states into his journey, the Cub engine failed on a climb-out in Ohio, and the airplane hit trees and landed upside-down, a total wreck. Calvert was able to extricate himself from the wreckage and
call for help, but the most painful part, he says, was the loss of that unique aircraft. This week, Calvert is back in the air, recovered from his injuries, and resuming his trip with a Cub loaned
from a friend.
Calvert said he's bought back the wreckage of the "Barn Cub" from the insurance company, and hopes to someday fly it again. But for now he's on his way to the northern states, then down the West
Coast and back to Texas before winter. Calvert spoke with AVweb's Mary Grady about his trip, why he's doing it, and what he's learned from the experience; click here to listen to the podcast.
Lycoming & Continental Aircraft Starters: Aviation-Manufactured, OEM-Endorsed, & Factory-Installed For Over 20 Years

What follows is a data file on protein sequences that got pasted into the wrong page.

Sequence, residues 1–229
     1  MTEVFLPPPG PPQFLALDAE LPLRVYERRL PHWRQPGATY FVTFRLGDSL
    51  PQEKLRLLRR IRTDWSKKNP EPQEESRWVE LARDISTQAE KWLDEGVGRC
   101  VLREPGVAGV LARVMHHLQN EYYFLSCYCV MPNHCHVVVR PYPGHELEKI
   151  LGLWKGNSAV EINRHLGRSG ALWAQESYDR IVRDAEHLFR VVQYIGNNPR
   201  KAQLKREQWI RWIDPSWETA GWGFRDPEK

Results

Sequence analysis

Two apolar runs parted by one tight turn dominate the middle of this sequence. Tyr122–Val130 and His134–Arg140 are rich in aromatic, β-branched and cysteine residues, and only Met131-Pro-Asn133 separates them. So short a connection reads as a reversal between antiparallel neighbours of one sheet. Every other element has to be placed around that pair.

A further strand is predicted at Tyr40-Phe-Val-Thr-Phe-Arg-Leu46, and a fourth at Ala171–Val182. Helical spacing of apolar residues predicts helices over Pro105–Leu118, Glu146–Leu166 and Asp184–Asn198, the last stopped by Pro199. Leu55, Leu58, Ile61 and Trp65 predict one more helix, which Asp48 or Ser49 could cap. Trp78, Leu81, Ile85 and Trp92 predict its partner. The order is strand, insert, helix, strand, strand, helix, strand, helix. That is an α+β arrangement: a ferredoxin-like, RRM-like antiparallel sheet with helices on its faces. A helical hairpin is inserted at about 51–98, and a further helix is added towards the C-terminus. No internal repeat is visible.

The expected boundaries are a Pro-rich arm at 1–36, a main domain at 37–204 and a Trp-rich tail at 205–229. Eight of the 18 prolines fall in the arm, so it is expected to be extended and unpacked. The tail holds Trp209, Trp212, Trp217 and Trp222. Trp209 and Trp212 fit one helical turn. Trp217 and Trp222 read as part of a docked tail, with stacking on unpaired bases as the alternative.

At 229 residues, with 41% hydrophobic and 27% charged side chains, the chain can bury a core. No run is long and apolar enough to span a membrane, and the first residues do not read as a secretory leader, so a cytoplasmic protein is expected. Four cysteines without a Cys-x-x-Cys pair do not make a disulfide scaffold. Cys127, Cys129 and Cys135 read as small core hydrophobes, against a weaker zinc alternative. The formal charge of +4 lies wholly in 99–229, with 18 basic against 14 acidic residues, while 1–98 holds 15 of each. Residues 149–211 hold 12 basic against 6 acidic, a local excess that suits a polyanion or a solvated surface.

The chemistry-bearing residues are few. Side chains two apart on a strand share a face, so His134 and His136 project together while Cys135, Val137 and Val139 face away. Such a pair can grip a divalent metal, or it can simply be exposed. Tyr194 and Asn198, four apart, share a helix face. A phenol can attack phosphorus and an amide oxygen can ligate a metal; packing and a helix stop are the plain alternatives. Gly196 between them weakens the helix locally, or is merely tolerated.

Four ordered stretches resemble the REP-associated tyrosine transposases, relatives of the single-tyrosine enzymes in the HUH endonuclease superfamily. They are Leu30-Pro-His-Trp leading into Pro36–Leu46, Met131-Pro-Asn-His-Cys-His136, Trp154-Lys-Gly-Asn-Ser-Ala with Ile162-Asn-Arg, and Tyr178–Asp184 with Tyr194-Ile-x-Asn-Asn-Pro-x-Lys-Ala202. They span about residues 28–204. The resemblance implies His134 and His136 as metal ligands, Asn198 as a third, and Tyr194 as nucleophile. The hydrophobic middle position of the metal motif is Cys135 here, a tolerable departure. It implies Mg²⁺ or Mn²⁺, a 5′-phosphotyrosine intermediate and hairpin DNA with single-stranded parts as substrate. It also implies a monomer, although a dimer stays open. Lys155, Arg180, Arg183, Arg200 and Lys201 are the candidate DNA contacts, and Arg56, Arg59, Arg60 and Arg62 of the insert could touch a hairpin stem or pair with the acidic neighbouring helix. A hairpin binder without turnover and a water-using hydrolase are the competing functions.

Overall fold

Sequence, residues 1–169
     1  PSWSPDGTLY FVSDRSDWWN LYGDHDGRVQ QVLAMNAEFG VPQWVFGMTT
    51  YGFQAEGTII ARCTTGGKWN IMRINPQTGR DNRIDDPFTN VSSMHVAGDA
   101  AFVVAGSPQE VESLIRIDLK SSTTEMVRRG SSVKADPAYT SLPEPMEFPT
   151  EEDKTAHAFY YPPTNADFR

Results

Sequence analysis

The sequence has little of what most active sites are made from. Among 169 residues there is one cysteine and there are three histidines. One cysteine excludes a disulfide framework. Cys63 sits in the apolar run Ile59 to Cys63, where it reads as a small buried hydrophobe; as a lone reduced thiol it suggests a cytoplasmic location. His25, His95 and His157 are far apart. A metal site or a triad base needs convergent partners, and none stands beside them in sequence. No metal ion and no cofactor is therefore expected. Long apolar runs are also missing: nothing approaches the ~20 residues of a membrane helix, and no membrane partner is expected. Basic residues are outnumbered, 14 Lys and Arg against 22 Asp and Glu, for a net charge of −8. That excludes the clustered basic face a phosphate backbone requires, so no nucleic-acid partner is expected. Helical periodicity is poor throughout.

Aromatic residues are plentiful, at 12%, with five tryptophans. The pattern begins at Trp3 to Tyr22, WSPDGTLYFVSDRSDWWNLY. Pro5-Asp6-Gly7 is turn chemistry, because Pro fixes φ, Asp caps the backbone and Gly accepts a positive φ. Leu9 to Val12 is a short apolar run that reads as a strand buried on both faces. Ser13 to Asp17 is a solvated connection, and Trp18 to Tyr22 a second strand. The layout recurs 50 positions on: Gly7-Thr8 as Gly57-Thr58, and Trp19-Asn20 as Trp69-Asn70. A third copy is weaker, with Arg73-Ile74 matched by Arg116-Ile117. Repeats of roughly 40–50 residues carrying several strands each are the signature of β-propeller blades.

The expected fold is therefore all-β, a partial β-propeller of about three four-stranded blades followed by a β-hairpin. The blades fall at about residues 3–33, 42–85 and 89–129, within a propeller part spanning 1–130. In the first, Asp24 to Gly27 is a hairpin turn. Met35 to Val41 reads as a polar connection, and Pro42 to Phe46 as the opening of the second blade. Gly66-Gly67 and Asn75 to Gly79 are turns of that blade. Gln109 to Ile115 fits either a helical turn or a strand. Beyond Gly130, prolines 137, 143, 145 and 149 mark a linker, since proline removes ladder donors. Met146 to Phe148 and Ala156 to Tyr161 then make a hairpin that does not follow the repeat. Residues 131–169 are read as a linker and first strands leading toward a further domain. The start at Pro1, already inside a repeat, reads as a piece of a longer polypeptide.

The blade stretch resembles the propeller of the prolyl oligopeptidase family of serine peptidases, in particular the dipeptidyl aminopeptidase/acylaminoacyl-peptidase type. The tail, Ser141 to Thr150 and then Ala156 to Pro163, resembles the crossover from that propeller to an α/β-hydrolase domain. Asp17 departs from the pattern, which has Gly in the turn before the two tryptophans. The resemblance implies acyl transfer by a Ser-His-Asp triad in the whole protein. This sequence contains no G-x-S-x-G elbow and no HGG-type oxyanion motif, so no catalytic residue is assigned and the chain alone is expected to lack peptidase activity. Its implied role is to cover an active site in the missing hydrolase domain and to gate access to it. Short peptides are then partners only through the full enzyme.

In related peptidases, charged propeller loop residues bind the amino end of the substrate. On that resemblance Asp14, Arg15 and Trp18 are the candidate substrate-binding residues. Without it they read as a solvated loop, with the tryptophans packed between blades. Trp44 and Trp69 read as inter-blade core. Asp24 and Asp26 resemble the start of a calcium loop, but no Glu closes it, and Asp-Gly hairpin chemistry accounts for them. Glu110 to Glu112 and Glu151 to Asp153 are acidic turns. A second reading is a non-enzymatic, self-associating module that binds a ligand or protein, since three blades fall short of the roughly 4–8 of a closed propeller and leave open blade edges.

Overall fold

TCM supplier Hartzell Engine Technologies introduces the zero back torque M-Drive starter the best lightweight starter designed to start even the hardest-cranking
large-bore TCM engines while safely disengaging from the starter adapter. Lycoming-chosen E-Drive starters from Hartzell Engine Technologies are unaffected by kick-backs, saving hours
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An MIT student's grad school thesis, which relied in part on information gathered from AVweb readers, confirms that cost is a major factor in the decline of general aviation activity. It has
also revealed something that hasn't shown up in other studies but may be related to economics. In her research, Kamala Shetty, who wrote the thesis as part of her quest for a Masters of Science in